3. Understand that growth takes time, and that rest is required

Running is an art just as much as it is an activity, and my personal experience with it has been that increasing sustainable distances takes time. You can’t expect to start tomorrow with a 3-kilometre struggler and be running 10-kilometre tempo’s in a week. It will take time to train your body and get it accustomed to the skills needed for a good, sustainable run. Similarly, you can’t open up a TFSA tomorrow with $3,000 and expect to have it up to $50,000 by the end of the year. Trying to invest in such a way, or run in such a way, will surely lead to both disappointment and injury (both physically and emotionally). As an investor, you need to understand that steady growth is the best kind and that being realistic with your expectations will beget results.

Expanding on this point, I must also say that rest will be required for any true progression to take place. After a long run, you’ll need to give your body some time to heal and regenerate – constant wear will lead to rather poor long-term results. When it comes to your portfolio, you need to be able to perform your research, make an investment decision, and then leave it to handle itself. Staring at your DI account all day or checking Apple Stocks at the top of every hour will do nothing but fatigue you. Being confident in your decisions is critical to your success as an investor, and as such, you need to be able to give yourself a break (Kit Kat, anyone?)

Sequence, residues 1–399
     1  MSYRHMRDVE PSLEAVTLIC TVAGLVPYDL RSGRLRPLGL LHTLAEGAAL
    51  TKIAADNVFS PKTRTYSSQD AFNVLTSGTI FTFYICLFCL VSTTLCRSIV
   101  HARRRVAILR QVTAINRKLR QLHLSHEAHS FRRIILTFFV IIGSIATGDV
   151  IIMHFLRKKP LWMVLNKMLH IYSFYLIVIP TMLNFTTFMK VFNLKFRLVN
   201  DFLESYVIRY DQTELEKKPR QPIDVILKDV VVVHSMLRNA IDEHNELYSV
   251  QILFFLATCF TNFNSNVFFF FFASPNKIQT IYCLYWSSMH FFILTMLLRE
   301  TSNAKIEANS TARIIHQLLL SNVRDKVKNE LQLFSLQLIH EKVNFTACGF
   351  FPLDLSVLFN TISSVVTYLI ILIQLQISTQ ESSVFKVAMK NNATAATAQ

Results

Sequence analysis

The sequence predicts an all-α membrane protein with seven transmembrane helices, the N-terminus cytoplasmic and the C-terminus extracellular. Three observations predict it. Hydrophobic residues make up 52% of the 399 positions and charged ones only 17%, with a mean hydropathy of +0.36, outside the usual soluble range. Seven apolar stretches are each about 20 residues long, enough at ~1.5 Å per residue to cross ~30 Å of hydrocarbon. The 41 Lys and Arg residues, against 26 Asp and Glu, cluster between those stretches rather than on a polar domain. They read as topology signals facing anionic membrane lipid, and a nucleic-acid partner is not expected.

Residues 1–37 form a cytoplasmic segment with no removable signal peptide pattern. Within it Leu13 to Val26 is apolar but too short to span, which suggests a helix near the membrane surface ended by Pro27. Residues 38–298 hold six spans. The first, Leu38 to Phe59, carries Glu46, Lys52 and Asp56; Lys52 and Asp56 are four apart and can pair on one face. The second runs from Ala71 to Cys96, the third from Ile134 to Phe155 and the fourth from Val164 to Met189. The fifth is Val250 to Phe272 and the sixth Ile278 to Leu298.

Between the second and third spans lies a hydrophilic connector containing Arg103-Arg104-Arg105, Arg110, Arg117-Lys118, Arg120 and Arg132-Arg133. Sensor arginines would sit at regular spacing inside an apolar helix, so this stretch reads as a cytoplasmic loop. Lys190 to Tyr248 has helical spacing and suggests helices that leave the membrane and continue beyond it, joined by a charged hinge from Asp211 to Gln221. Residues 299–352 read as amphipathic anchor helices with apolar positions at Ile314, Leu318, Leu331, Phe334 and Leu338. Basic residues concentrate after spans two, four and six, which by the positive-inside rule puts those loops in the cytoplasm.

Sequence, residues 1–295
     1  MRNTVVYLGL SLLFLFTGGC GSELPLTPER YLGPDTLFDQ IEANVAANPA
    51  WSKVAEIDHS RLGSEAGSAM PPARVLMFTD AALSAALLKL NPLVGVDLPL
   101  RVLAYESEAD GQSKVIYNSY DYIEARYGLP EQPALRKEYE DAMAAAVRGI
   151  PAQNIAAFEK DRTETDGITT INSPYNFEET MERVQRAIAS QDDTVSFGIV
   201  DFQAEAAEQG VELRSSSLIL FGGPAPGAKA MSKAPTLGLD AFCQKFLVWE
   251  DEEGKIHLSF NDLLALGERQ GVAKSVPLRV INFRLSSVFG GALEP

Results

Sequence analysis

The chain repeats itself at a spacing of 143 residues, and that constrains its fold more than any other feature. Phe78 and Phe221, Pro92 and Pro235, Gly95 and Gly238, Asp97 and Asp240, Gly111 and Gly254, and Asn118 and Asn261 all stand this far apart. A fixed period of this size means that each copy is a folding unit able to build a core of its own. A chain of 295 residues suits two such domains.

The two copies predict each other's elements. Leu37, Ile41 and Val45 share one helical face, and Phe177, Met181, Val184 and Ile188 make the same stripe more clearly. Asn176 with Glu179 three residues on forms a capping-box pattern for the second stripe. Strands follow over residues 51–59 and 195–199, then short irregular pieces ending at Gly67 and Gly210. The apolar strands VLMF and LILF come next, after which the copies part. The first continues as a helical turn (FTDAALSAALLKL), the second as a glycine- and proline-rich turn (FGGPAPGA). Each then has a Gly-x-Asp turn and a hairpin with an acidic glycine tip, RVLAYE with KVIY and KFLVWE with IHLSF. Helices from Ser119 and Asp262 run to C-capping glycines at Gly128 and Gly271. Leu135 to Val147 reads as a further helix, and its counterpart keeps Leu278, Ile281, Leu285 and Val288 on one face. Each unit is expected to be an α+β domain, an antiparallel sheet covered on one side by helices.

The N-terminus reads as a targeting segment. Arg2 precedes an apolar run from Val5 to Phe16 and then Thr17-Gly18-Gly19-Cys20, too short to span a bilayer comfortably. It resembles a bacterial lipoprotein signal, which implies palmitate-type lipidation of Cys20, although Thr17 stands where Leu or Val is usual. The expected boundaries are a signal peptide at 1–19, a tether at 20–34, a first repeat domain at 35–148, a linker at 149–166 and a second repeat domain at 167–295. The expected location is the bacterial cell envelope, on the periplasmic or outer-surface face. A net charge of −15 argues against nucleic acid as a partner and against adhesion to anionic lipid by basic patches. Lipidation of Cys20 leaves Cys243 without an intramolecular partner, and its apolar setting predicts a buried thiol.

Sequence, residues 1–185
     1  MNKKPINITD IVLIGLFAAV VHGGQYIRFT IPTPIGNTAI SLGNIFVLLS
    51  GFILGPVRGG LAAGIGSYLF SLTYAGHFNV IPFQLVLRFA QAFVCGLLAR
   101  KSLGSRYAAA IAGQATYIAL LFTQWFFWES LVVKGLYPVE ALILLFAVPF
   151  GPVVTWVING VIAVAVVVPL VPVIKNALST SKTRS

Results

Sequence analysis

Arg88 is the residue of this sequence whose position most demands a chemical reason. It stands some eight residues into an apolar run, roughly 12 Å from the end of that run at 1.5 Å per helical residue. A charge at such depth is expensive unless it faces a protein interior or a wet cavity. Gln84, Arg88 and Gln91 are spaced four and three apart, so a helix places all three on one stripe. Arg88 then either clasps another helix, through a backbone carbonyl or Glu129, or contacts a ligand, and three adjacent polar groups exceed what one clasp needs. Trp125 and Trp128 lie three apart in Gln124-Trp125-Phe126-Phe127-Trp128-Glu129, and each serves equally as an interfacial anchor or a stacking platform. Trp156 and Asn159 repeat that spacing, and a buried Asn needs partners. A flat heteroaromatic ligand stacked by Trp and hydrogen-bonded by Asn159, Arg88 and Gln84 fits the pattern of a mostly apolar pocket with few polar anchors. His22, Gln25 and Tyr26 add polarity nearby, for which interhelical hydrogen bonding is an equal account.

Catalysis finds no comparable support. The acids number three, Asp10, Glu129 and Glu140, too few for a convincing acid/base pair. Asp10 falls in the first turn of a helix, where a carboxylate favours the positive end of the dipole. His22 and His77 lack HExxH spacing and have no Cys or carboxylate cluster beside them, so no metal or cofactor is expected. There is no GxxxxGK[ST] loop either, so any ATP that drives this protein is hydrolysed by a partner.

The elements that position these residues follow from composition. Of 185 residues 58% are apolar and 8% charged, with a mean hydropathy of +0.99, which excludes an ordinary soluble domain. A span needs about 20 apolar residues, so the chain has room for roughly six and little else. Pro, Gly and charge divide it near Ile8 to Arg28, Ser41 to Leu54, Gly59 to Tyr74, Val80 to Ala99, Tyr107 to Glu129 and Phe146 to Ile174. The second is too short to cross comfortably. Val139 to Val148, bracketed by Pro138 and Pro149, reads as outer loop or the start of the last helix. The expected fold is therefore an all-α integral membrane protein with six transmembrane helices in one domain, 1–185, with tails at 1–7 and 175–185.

4. Don’t wait until you’re thirsty to start drinking

Going back to the well of water references, I must mention the similarities between staying on top of your hydration levels and your portfolio activity. They say that when running a marathon, it’s crucial to drink as early and as often as you can, as the water consumed in mile 3 is actually for mile 13. Without this understanding, you’ll find yourself suffering from dehydration mid-race, and by the time you’ve started to feel like you’re dehydrated, it’s often too late.

When investing, managing your portfolio and being able to make decisions on the positions you hold (or plan to hold) is very important. If you’re holding a few companies that aren’t performing well, assess the situation and act accordingly – don’t put off the decision until later, as later may be too late. Try this: look at all of the losing positions in your portfolio and ask yourself, “if I didn’t already own this stock, would I buy it?”, and if the answer is an undisputed no, then why would you waste your time & capital continuing to hold it? You need to cut off bad positions – and drink water – before it’s too late to actually make a difference.


There are plenty of ways to take the never-ending struggles & success’ of running and compare them to the world of investing, heck, both are practically self-imposed emotional rollercoasters. These few points should help to put some new perspectives in your head regarding both. I’d have loved to keep the list going, however, I’ve gotta go out for a run before the snow comes back – 6 months and counting.

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2 thoughts on “Lessons Running Will Teach You About Investing